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My muse, your muse, a’body’s muse: John Byrne hails the genius behind Oor Wullie

© Jamie WilliamsonJohn Byrne with two of 150 Oor Wullie sculptures in Tannahill Centre on his return to home town Paisley
John Byrne with two of 150 Oor Wullie sculptures in Tannahill Centre on his return to home town Paisley

John Byrne cannot remember when he first held a pencil in his hand but he also cannot remember a time when he didn’t.

The renowned artist’s lifelong belief in the life-changing power of drawing is unswerving at 79 and so too is his passion for encouraging today’s youngsters to draw.

And he has told The Sunday Post how the artist behind Oor Wullie and The Broons, Dudley D. Watkins, was his own childhood inspiration.

His National Drawing Competition has attracted more than 12,000 entries from schoolchildren across the country since 2014 and, presenting this year’s prizes, he said: “I started this as I’d heard there was no drawing in schools because they didn’t think it was of any importance. I thought that was absolutely ridiculous. There would be a kick-up if it was science or maths.

“Drawing puts children’s imagination to work and they learn their space in the world.

“I’m not saying it should be any more important than any other subject but it should have its place in the curriculum.

“It lets you take yourself on an adventure on a sheet of paper.”

John’s work has, for decades, been seen and sold in some of the world’s most prestigious galleries and museums and includes a striking 1970s portrait of his old pal Billy Connolly at the Scottish National Portrait Gallery.

And, he remembers, his passion for art has been with him since childhood although his early belief that his love of drawing was inerited turned out not to be quite right.

He explained: “During the Second World War my mum used to get cablegrams from my Uncle Pat who was in Burma. There were wee cartoons on them which he was meant have drawn.

“So I thought I’d got my talent from Uncle Pat but I eventually found out he’d bought Air Mail paper in the NAAFI and the cartoons were already on them.”

By the age of eight, Paisley-born John was already taking a tram ride on his own on Saturday mornings to Kelvingrove Art Gallery and Museum in Glasgow, soaking up the works of inspiring artists.

And, he reveals, further inspiration came from Oor Wullie, The Broons and other classic DC Thomson favourites.

“Everything was an inspiration at that age and I used to save Lord Snooty and Desperate Dan for last when I was reading my comics,” said John.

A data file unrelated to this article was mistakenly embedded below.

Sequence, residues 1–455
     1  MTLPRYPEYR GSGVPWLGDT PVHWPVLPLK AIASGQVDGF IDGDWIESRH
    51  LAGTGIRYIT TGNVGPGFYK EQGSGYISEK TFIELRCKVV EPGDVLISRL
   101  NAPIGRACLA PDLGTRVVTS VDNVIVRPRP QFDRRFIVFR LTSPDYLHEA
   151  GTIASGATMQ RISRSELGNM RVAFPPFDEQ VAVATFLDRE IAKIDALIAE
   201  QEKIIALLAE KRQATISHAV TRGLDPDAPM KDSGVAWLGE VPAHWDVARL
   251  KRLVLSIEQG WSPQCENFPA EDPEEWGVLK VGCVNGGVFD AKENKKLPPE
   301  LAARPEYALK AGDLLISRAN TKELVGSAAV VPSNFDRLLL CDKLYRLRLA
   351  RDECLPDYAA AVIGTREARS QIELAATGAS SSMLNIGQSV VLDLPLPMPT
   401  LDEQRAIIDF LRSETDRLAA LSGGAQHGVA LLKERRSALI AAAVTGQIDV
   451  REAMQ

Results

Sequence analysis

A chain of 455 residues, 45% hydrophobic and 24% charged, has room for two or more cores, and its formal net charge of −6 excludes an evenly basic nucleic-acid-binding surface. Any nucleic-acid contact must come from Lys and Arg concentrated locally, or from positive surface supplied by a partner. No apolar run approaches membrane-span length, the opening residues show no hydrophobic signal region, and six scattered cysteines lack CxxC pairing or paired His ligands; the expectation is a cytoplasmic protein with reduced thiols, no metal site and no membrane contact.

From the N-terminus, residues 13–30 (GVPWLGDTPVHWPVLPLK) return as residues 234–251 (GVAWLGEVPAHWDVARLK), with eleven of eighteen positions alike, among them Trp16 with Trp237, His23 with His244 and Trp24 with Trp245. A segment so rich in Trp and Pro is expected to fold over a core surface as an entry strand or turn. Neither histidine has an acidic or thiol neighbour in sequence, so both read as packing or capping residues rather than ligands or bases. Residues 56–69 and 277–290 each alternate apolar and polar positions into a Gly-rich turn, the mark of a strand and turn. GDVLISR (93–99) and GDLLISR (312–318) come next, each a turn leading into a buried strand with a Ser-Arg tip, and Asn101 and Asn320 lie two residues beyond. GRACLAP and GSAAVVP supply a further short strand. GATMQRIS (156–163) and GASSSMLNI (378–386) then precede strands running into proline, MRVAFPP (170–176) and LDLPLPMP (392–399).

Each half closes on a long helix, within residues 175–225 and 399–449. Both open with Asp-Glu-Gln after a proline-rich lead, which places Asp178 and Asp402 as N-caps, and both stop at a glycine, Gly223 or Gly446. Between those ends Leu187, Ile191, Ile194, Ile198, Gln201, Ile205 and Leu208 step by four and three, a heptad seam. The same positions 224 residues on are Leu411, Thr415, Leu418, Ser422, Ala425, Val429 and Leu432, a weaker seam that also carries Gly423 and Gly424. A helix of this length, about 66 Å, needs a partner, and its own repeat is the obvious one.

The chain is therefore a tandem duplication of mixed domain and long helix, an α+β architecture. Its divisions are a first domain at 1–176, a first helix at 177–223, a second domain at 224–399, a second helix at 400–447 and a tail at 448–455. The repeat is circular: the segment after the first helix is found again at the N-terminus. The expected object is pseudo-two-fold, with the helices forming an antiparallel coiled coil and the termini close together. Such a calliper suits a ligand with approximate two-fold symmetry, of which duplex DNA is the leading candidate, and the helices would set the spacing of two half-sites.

“I’d shut my eyes and turn the pages and then go back to them.

“I loved Oor Wullie and I distinctly remember the strips by Dudley D. Watkins.

“He was a wonderful craftsman who brought the mischief and adventures to life. They were wonderfully well-drawn. I could absolutely see the skill because they were more real and not as cartoony.

“There was less exaggeration and they were more lifelike.”

That childhood connection means John is delighted to lend his support to the Oor Wullie Big Bucket Trail.

There will be 150 sculptures on display from June to September, forming Scotland’s first national art trail.

At the end of the 11-week event, the statues will be auctioned off to raise millions of pounds for Glasgow Children’s Hospital Charity, Edinburgh Children’s Hospital Children’s Charity and The ARCHIE Foundation, the organisations supporting nearly half a million sick children every year.

“I think it’s a great idea,” said John. “Oor Wullie must be just about the most popular boy in the world, so who better to help raise money?” The best works from the National Drawing Competition were put on show at the Tannahill Centre in Ferguslie Park where John presented the awards.

Aberdeenshire pupils came out top with Ailsa Lipp, a P4 pupil at Largue Primary, the overall winner, with runner-up Jack Esslemont, a P5/6 pupil at Aboyne Primary.

His visit was also a chance for John to lend his support to a drive to help transform Glencoats Park, known as the Privies. Fly-tipping has blighted the park but John is backing the efforts of locals to clean it up and win a better playpark.

Although virtually nothing of the Ferguslie Park John remembers from his childhood remains, his affection for his old neighbourhood runs deep.

“As a boy, life went on here at a great rate of knots. It seemed the liveliest place in the country.”